The rooms seemed to vary quite a lot, we paid a little extra for a nice room and were happy we did, our room was called Wack-Wack (which by the arm flapping made by the adorable front desk girl, I assume is the noise a duck makes in The Philippines). Our room was one of only 2 where the windows open directly onto the ocean though all rooms are only a few steps from the beach. The pool certainly can get a bit annoyingly noisy in the mornings when rude parents send their half-dozen children out to scream at each other unsupervised at 5:45am. At night on the busier days, the pool and lounge area also became a social spot and people sit right outside your door, talking and drinking till way after midnight. We were lucky that we stayed 9 nights, so we did have some quiet times when we felt like the only people in the small hotel. The room itself though was lovely, totally clean, very comfy, huge bed, good bathroom and the TV even had extensive satellite channels for down time.

The Food

Whenever I travel I almost never eat in the hotel I’m staying at. Street food in SE Asia is the best and normally eating at a new place every day is one of the best things about a trip. The Philippines is a weird place for food. Filipinos will hate me for saying this, because I know they take a lot of pride in their cuisine, but, the food in the Philippines is terrible (sorry, don’t hate me!) I don’t know what happened, but between the colonization by the Spanish, then the Americans, and the Japanese, they seem to have lost all the best flavours of Asia into a muddle of confused cuisine. Wherein other countries in the vicinity have freshness, lemongrass, lime, spices, and unique herbs, The Philippines seems to focus on mayonnaise, cream sauces, canned meats, and sweet bread. On our first trip, we struggled to find anything good to eat and eventually got horrible food poisoning that lasted 3 months.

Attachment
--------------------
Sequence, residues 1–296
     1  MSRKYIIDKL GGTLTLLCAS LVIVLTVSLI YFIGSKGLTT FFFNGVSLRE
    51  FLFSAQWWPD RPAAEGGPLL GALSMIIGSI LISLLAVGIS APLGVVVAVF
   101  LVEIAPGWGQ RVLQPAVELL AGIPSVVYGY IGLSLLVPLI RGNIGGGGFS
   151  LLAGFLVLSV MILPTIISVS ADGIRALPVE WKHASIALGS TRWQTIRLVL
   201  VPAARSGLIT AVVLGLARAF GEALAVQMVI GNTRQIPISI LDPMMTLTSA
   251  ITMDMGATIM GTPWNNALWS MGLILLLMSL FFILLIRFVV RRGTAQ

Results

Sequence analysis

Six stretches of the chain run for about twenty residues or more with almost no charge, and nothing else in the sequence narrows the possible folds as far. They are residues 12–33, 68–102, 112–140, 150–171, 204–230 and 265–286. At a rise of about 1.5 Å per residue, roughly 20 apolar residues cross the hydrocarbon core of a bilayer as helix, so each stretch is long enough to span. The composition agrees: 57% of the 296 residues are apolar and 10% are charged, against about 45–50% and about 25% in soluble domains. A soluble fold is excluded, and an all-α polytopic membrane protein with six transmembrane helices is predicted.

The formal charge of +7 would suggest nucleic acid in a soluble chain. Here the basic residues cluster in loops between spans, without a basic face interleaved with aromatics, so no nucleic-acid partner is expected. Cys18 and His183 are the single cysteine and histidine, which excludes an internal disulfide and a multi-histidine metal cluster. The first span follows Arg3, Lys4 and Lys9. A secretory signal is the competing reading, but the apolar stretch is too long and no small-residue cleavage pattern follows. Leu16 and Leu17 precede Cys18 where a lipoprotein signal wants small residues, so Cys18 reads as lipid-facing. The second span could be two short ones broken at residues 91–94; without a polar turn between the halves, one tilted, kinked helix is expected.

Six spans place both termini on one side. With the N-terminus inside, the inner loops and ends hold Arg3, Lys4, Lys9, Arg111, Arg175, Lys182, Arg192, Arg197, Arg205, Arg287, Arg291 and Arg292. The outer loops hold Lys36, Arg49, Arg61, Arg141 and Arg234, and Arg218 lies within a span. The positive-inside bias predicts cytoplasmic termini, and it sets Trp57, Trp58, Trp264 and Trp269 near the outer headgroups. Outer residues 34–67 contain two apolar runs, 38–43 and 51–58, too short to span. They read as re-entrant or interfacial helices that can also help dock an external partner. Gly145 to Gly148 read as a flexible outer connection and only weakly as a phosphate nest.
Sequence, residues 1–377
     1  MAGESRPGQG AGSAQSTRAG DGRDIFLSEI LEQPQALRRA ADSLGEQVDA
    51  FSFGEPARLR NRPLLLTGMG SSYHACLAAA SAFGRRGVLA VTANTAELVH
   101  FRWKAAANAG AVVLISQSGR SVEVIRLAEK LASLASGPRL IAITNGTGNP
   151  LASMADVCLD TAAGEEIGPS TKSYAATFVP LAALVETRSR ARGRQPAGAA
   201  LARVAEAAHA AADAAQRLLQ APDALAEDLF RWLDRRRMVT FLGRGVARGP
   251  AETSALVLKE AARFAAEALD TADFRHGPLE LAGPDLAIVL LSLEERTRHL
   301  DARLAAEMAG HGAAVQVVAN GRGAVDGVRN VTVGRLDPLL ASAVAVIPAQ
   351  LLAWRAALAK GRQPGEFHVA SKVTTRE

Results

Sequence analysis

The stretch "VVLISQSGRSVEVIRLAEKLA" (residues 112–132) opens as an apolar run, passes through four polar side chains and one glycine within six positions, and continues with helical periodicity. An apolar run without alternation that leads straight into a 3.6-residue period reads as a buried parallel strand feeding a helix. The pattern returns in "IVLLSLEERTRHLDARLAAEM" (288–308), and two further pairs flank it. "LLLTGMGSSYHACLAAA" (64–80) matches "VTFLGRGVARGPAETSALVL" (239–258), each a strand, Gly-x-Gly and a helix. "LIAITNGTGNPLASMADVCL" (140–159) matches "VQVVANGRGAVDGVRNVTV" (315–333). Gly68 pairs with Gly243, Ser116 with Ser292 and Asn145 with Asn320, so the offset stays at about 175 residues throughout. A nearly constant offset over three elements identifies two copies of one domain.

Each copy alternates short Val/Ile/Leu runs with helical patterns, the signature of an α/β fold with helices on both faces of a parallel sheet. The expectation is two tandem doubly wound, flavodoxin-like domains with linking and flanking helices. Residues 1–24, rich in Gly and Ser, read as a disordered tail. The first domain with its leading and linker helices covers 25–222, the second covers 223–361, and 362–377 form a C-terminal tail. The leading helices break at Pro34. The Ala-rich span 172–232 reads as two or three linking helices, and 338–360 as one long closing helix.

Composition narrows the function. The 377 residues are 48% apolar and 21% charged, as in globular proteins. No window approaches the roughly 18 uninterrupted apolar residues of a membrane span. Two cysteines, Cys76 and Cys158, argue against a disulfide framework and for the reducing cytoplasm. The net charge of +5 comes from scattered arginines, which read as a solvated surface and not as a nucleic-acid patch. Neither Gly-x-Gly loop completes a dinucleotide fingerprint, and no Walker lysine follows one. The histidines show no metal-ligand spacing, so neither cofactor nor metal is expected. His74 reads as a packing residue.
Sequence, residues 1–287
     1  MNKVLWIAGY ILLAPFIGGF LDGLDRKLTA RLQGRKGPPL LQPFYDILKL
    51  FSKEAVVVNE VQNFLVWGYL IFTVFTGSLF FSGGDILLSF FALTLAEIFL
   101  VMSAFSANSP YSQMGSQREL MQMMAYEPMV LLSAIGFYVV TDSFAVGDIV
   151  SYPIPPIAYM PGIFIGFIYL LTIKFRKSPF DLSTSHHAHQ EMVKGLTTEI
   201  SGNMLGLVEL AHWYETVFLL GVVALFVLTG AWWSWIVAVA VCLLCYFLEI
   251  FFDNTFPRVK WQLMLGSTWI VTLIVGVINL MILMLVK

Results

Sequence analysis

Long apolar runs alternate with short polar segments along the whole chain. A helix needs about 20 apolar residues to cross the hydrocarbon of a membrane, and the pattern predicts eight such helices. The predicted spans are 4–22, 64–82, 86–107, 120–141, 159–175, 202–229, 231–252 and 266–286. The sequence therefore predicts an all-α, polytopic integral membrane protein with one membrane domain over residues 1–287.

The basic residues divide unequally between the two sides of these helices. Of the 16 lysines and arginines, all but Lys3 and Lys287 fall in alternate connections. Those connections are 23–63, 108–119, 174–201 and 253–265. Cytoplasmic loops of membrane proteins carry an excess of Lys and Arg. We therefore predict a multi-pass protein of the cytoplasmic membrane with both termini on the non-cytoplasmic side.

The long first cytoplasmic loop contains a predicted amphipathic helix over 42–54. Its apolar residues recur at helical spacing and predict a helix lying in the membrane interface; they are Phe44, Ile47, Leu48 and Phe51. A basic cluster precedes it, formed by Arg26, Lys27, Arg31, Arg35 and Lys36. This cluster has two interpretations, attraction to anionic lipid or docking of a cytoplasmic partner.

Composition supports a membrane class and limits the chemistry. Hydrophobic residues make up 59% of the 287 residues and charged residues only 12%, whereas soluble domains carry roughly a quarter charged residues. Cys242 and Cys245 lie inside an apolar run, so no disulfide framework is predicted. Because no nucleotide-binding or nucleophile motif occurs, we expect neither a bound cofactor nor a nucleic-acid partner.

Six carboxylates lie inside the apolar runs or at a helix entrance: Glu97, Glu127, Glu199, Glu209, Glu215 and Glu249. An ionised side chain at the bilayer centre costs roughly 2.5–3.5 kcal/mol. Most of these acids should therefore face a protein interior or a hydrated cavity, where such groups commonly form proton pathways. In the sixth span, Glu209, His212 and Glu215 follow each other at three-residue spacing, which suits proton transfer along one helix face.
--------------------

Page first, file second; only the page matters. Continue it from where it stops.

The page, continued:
Coral Beach Clubs is owned by a British guy, and the restaurant has some clear colonial touches. Bangers and mash, chicken cordon bleu, full English breakfast, meat pies and even Vegemite toast. There is a huge Filipino section too as well as pizzas, pastas, curries and just so much to choose from. When we came back from a fishing trip with our catch, the kitchen cleaned and fried up our fish for us and served them with a garlic fried rice. Food prices at the hotel range from 200 to 600 Pesos a dish (US$4 to $12). The most expensive things being chili prawns and lamb shanks in the $15 range. We ended up eating almost 3 meals a day there as there is NOTHING else in the town of Matabungkay to eat, other than a few dodgy BBQ places hawking questionable, unrefrigerated fish and meat. We loved that they never gave us a bill, so for 9 days we just ate and drank as we wanted and then paid it all at the end of the trip, good for the hotel too because we sure did get lost in a sea of beers without thinking twice about what we were going to have to pay. But even after all that time, eating and drinking anything we wanted, the bill was super reasonable.

What To Do There

Matabungkay is a tiny town, you can walk the length of it. This is not the place you go to if you want bars, nightlife, dining, shopping, and activities. This is purely a tiny, chill, mini-holiday place. Activities are limited to visiting the single 7 Eleven for beers, swimming at the beach, renting a raft to relax on for the day, renting a boat to take you fishing and snorkeling, and there are jetskis to rent as well.

The snorkeling is just okay. It is not Palawan, not Boracay. This is some very worn out coral and very few fish. There is also a ton of plastic and other trash on the ocean floor. But the water is crystal clear and it was nice to get small boats to take us out away from the beach where we could jump off and snorkel alone and do some hand reel fishing.